Fostering teams, also means doing more than just saying you want everyone to work as a team. It means encouraging team meetings, both formal, and informal. Encouraging, no, expecting, that the team members talk to each other, toss around ideas, argue, and find the best solutions, together, not as individual components.
I’ve seen too many managers focused on the ‘head down’ mentality, and in virtually every case, the team suffered. The results of their efforts where diminished, and deadlines loomed, had there been a little more communication, a lot more could have been accomplished, with a lot less stress.
See both the big picture and the details as well
Most managers can see the big picture; the best managers see each of the details as well. They understand the whole model, front to back, end to end and everything in between.
Some managers focus solely on one, or the other, the best give appropriate focus to both the overall plan, and the details involved in achieving that plan as well.
I’ll admit it’s a delicate balance, and often a tenuous one at best. Regardless though, to be a truly great manager, that person has to strike the balance, often rebalancing several times a week, or even a day, as events dictate. It’s all too easy to get caught up in the plan itself and lose sight of the obstacles facing your team. Those little details that seem fairly unimportant today, if left to resolve themselves, can end up tripping up the entire team’s progress. The good managers know this and attend to not only the big issues, but the details as well.
This does not involve ‘micro-management’ however. It’s more a role of facilitator, spotting those obstacles as they arise, listening to the team when they talk about the issues their facing. In fact, it’s a culture of encouraging these issues to be raised. Not simply accepting the “no problems” response, but actively looking for and eliminating roadblocks to the team’s success.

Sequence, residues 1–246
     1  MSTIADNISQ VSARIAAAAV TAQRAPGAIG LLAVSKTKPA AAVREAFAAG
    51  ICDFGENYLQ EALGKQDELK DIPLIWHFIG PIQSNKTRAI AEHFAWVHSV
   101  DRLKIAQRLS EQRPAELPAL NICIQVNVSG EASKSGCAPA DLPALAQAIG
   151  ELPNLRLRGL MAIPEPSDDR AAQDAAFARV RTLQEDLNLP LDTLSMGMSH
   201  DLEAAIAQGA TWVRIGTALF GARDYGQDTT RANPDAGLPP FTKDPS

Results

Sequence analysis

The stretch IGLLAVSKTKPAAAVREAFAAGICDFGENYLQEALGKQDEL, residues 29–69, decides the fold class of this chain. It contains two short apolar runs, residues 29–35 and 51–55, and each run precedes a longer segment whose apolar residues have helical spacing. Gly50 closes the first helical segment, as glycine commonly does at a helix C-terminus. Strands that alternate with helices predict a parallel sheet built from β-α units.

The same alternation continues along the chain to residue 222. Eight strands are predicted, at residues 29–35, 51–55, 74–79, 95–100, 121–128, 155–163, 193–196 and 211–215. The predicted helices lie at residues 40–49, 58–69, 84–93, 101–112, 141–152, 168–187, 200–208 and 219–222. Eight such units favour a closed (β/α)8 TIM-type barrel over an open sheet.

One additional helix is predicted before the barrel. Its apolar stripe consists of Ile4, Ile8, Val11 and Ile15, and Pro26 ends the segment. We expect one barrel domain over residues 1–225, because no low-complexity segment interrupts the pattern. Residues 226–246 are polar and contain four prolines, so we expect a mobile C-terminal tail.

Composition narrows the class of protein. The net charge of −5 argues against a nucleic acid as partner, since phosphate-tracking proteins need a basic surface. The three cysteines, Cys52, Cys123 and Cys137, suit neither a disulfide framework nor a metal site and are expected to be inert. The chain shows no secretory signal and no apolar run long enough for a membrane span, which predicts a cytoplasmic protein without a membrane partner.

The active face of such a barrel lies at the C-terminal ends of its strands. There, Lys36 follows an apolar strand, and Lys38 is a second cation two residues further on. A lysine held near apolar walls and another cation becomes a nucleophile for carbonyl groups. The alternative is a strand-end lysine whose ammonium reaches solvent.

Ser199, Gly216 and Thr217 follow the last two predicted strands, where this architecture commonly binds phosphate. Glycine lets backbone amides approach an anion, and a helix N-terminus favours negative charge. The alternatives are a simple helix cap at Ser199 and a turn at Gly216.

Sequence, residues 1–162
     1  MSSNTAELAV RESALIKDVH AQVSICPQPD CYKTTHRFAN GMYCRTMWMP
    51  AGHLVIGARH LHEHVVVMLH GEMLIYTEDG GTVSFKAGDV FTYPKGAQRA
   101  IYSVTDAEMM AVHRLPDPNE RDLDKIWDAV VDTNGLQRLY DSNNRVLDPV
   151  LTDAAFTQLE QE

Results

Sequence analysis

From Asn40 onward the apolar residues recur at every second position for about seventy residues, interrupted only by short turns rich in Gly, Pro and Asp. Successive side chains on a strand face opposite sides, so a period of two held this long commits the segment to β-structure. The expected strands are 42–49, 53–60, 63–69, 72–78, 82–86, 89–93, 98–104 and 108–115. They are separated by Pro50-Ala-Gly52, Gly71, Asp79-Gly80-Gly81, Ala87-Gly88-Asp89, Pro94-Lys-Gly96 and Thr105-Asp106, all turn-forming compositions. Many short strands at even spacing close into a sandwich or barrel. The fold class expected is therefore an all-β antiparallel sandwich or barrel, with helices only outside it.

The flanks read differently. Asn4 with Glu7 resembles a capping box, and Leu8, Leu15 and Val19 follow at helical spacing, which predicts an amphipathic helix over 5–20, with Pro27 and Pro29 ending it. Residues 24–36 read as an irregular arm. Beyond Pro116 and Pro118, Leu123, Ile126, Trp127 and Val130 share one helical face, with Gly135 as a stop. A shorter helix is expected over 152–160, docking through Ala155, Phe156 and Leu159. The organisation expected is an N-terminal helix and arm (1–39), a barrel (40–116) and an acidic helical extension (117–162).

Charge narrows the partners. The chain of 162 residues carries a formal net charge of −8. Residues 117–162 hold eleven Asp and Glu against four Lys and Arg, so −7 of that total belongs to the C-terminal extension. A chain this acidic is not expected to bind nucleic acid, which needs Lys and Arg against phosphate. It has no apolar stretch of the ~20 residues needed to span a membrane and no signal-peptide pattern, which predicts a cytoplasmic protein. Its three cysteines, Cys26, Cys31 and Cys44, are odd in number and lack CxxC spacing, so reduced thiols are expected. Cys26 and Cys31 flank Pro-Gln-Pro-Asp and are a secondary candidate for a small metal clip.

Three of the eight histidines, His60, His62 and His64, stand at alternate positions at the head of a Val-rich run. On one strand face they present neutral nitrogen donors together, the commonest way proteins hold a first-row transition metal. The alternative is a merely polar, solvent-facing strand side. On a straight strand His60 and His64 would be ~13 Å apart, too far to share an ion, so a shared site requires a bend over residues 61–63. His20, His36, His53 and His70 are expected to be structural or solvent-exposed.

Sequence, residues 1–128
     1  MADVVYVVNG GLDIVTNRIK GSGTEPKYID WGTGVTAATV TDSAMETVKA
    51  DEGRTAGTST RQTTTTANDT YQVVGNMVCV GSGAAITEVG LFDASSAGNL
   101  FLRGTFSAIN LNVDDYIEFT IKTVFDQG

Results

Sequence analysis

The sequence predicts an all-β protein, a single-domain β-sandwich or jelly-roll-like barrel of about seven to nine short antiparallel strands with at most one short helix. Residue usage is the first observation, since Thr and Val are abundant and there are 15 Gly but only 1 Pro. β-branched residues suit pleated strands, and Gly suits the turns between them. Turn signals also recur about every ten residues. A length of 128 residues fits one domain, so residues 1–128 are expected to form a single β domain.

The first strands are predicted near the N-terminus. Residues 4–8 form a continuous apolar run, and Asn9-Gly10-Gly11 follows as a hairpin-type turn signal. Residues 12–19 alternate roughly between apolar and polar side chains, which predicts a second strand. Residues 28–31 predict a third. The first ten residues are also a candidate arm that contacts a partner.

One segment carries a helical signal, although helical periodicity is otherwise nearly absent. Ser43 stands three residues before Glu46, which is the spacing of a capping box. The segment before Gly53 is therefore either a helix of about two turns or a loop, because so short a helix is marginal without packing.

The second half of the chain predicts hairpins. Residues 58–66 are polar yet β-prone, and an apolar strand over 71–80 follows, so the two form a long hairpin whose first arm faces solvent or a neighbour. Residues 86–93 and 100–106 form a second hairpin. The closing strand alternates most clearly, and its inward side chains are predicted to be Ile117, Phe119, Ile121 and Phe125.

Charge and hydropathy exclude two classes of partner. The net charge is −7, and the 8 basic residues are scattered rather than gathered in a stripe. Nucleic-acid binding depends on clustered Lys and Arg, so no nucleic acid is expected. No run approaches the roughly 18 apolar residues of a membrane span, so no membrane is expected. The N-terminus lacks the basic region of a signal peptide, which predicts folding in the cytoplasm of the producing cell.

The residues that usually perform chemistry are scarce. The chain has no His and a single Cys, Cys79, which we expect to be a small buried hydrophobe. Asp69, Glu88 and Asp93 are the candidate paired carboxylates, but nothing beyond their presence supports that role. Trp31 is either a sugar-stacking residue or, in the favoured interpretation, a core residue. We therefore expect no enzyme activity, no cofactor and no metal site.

While deadlines are important, so are resources to meet them
I wish I still had a dollar for every ‘deadline’ centric manager I’ve worked for. I could retire now.
I don’t want to diminish the importance of deadlines, and meeting them. Rather to point out that a team can’t meet their deadlines if they don’t have all the resources they need to do so.
One of my favorite sayings is:
That, unfortunately, is the plight of the average worker these days. Increasingly tight deadlines, diminishing resources, more pressure for flawless performance and increasing expectations for the finished product.
The great managers see all of these changes, weigh them and determine the best way to meet them. Either head on, or in a flanking maneuver, one way or another they must be met, and overcome. They understand how to most effectively deploy the team, maximizing their strengths, and minimizing their weaknesses as they address every obstacle to success.
It’s another delicate balance this mix of deadline commitments and resources, but one a manager has to master to be good, or even great. Without mastering it, they’ll just be another manager, who’s managing, to get by. They’ll never be one of those managers who always seem able to rise to the challenge, and where everyone is striving to get on their team.
As always, leave me a comment, tell me what you think. What made your best managers, the best, or the worst, the worst?